Download Amy’s Story (PDF)
Amy came from a loving home with both parents and two siblings. She never witnessed any violence growing up, and for the most part, she had a normal childhood. She was smart and excelled in school. After college, she went on to develop a successful career.
Although Amy seemed to have everything going for her, she was also facing some demons of her own, including depression, anxiety and bipolar disorder. For the most part, she was able to live a normal life with the proper medication and regular sessions with her therapist. However, as with anyone, there were some low points in her life, and they made her particularly vulnerable.
During one of Amy’s low points, she met a man named Alex who made her feel good again. Alex was charming and successful. Soon after meeting, they decided to move from Florida to Chicago. It wasn’t until Amy was settled into her new life in Chicago that things started to change. Alex became controlling and wouldn’t allow Amy to work, isolating her so she had no one to turn to. This spiraled into severe emotional and verbal abuse that made Amy lose track of who she was.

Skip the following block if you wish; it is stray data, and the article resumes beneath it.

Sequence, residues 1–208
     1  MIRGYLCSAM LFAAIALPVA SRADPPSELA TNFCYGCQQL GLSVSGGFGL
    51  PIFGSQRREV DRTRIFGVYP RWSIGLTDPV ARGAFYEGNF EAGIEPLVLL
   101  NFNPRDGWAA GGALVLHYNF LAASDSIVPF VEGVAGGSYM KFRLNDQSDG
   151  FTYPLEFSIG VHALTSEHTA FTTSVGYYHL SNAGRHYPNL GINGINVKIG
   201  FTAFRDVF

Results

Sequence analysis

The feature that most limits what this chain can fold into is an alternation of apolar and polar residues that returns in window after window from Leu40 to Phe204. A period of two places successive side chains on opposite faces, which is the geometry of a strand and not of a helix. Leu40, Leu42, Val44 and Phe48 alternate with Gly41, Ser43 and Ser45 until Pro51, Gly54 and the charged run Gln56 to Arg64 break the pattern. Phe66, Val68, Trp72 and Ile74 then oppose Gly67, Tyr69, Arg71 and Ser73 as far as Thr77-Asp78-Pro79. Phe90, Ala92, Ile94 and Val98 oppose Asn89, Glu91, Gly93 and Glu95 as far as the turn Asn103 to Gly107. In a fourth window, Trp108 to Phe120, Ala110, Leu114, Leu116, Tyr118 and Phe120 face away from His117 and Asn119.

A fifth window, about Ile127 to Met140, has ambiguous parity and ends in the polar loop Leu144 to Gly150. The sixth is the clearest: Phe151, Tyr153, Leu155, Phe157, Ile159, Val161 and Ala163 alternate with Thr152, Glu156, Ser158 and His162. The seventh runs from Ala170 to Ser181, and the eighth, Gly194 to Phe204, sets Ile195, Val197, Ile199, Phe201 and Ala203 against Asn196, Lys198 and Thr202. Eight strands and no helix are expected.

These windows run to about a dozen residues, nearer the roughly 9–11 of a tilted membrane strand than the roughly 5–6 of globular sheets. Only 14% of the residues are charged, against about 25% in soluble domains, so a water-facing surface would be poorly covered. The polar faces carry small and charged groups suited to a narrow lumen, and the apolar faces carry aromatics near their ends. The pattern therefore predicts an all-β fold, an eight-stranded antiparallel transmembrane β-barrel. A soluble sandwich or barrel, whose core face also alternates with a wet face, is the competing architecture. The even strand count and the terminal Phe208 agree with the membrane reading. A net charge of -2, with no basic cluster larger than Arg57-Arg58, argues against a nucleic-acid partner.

After five and a half years of abuse, Amy managed to find the courage to leave. She arrived at the Crisis Center for South Suburbia severely depressed, unable to interact with others and suffering from panic attacks. She was quickly assigned a case worker and signed up for counseling services to help her heal from her abuse.
Today, Amy is living independently in a Crisis Center transitional housing program.She was able to find a doctor and get back on her medication and continues to meet weekly with the shelter’s clinical counselors to address the trauma she endured. She has also obtained employment, begun saving money and has obtained a vehicle. However, Amy’s greatest accomplishment is by far the healing and inner-strength she developed with the support of the Crisis Center for South Suburbia.